This is a serious drug problem that can be dealt with effectively. The Government is now two years late with the necessary legislation and it is time this was made a top priority in the Department. I hope the Minister will make it so.

Minister for Health (Deputy Leo Varadkar):  I thank the Deputy for raising this matter. Benzodiazepines are a class of medicine available on prescription which are commonly used to treat anxiety, sleep disturbance and insomnia. They are known to be associated with dependence and withdrawal symptoms and consequently are primarily recommended for short-term treatment only. They are a very valuable treatment option when used correctly. However, there is increasing evidence of the inappropriate use of benzodiazepines in Europe, a problem which is not particular to Ireland.

Under the Medicinal Products (Prescription and Control of Supply) Regulations, it is an offence for a person, except where the person is a pharmacist or working under the personal supervision of a pharmacist, to supply a prescription medicine. These regulations also make it illegal for prescription medicines to be supplied by mail order or over the Internet. Additional levels of control are applied to medicines which have a high potential to be misused by means of regulations made under the Misuse of Drugs Acts. These regulations impose restrictions on the production, supply, importation and exportation of controlled drugs, such as morphine, methadone, amphetamines and benzodiazepines. A person who has in his possession a prescription medicine containing a drug controlled under the misuse of drugs legislation for unauthorised sale or supply is guilty of an offence under that legislation. Different levels of control apply to drugs controlled under the misuse of drugs legislation, dependent on their therapeutic value and potential for abuse.

The Department has been reviewing the misuse of drugs regulations to introduce stricter controls on benzodiazepines. In particular, it is proposed to apply formal import and export controls on benzodiazepines, thereby making it an offence for a person to import or export these drugs without a licence. The introduction of these controls will also provide comprehensive national information on the level of use of benzodiazepines and trade in benzodiazepines. It is also proposed to introduce stricter prescribing and dispensing controls for benzodiazepines, as well as an offence for a person to possess benzodiazepines without entitlement - for example, a prescription - thereby assisting the Garda and customs service in enforcing the law on the illicit importation of and dealing in benzodiazepines.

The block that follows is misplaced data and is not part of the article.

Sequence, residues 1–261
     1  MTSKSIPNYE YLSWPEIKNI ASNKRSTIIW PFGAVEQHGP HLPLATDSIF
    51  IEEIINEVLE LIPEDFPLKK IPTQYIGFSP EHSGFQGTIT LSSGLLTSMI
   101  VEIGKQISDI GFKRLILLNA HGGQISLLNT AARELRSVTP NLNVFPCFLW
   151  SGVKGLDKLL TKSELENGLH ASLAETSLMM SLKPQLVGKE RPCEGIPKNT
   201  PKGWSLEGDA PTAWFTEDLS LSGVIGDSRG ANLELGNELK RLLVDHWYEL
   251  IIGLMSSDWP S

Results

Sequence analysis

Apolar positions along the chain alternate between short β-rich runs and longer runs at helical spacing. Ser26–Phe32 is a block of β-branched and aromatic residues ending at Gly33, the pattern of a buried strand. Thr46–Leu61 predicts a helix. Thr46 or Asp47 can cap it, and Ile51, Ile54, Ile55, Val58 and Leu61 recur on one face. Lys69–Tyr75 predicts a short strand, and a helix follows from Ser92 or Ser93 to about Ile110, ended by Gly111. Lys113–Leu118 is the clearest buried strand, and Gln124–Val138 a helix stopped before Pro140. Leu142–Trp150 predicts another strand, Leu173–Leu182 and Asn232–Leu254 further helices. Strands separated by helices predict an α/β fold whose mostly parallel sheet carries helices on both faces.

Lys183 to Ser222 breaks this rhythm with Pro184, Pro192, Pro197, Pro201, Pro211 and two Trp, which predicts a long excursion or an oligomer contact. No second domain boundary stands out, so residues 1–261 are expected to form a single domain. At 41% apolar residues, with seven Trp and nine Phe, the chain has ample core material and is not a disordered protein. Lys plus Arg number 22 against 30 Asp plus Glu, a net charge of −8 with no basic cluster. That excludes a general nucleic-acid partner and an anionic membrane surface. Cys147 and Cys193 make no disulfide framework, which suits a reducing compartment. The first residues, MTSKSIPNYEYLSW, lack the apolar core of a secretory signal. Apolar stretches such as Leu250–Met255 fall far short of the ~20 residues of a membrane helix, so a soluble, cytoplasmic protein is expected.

Following a consultation process, a draft amendment regulation was prepared and made available for further consultation on the Department's website. Submissions were received from a wide range of organisations and individuals, including doctors, pharmacists, the Pharmaceutical Society of Ireland, the Irish Pharmacy Union, private and public hospitals - both from medical practitioners and pharmacists - nursing homes, drug treatment centres and experts in addiction services.

 These submissions raised a number of legislative issues which require further consideration before finalising the amendments. The process is taking longer than anticipated because it is a complex and technical body of work. Some further work is required and the objective is to finalise the text of the draft regulations early next year.